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  27. I grew up in the north and moved south in my early 20s. I've lived in the south for eight years now. So far, in my experience, the stereotypes hold true.

    In the north, we don't feel the need to greet every soul who walks past us; we have other things to do. In the north, we are fast paced and we like to get things done so we have more time to do leisure activities.

    In the south, there is the great 'Southern Hospitality'. However, this is merely masking their true selves. They welcome anyone and everyone in. As soon as they are no longer present, the gossip begins and the rumors spread.

    The stereotype for southern stupidity isn't too far from the truth. There are a lot of intelligent people in the south. The problem isn't with their intelligence. The problem is that they aren't allowed to express their intelligent in the affect of "It works fine the way it is" or "We've always done it this way".

    In the north, if there is a more intelligent way of doing something, speak up! Northerners work under the general idea of "Work smarter, not harder!"

    So far, my perception of southerners in general is they are lazy, small minded, back-stabbing, untrustworthy folk who still believe the civil war is still on going and believe everyone from the north is an enemy.

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  29. I lived in different parts of the United States. Was born and raised in Md, lived in Georgia, Florida, Nebraska, South Carolina, and even NYC. My ancestors are all from the Deep South, mainly Georgia, so I'm very familiar with Southerners as well as "Yankees." Northerners faults aside, which there are some, I want to talk about PHONY so-called "southern hospitality" and backstabbing two-faced Southerners. I'm certainly not claiming all Southerners are backstabbing and two-faced, but I've met a good portion who fit the bill. Of the guilty, most can't be sweet enough to your face, especially if they want something, but they will talk viciously about you behind your back. And a lot of Southerners give lip service to things they never intend on doing. They will make promises they never had any intentions of keeping. Personally, I found more people I could trust while living in NYC than in living in some small, backstabbing Southern town.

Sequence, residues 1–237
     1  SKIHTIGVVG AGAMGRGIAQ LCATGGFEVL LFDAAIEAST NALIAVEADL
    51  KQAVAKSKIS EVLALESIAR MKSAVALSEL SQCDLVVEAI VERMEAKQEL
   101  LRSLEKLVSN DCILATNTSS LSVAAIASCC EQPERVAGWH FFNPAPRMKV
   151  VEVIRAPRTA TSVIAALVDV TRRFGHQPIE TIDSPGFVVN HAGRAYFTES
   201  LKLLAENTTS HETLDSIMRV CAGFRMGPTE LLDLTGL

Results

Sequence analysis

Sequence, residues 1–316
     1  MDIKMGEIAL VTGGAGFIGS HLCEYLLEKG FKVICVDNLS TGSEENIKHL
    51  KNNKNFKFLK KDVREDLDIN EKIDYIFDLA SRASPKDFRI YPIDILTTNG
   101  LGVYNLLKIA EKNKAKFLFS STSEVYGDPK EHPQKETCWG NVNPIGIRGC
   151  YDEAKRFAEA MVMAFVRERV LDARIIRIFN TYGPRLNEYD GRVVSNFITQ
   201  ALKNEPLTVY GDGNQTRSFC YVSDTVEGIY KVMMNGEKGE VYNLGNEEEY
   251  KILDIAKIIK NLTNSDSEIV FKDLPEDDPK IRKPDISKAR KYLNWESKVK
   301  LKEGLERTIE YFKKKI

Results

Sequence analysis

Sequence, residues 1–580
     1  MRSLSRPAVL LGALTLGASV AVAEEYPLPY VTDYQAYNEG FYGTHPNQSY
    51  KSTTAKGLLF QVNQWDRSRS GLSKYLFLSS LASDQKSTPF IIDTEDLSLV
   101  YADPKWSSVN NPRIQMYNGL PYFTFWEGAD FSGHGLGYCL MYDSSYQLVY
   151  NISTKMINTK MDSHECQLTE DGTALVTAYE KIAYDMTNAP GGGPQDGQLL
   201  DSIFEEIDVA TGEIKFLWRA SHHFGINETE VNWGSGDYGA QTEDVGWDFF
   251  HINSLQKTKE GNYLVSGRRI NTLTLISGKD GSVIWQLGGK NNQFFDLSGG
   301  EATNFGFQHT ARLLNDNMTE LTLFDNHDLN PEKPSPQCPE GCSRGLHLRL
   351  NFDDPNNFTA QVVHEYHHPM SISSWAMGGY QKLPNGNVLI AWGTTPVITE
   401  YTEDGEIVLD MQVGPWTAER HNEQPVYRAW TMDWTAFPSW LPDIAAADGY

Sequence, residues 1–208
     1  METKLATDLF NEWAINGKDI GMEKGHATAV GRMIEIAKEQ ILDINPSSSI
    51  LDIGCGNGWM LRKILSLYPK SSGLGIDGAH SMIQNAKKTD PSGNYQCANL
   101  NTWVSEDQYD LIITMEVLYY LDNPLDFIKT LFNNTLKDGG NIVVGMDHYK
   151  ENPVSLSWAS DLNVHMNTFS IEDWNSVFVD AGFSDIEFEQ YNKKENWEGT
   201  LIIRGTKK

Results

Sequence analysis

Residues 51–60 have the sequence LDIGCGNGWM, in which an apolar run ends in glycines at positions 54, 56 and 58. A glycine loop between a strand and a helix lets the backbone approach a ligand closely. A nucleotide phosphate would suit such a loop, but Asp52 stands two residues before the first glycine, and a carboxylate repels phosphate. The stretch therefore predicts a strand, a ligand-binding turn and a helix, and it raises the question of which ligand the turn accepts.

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  30. I grew up in the Hampton Roads region, and despite Virginia is the south... it's more of a northern culture in Virginia Beach and surrounding areas. That southern influence is more in the hills of Western Virginia. You know I hear that phrase a lot that 'Northerners are rude, and mean' and I just don't find that to be true. Mainly because a lot of those tendencies that southerners complain about in northerners... I do, as well as my friends. Its largely concerning because they don't have 'southern hospitality' or say hi to strangers often. I mean people are hospitable in the north, they just don't make a spectacle of it. Furthermore concerning not saying hi... It wasn't that I was trying to be mean or didn't like you... I just don't know you. Nothing to do with your character so don't take it that way. I just never made it a habit to talk with random strangers. Have I done it before? Sure I have, but I didn't go out of my way to make it happen. I got things to do, places to be, and goals to accomplish. Concerning the whole backstabbing thing with southerners, yea its true for the most part. Ears are burning often in the south. It happens in the north too, but you typically know who your enemies are anyway. (A lot of people do a poor job of masking their disdain towards a person) So to each their own though, but give me the northern flavor, because I can't do the southern culture too much.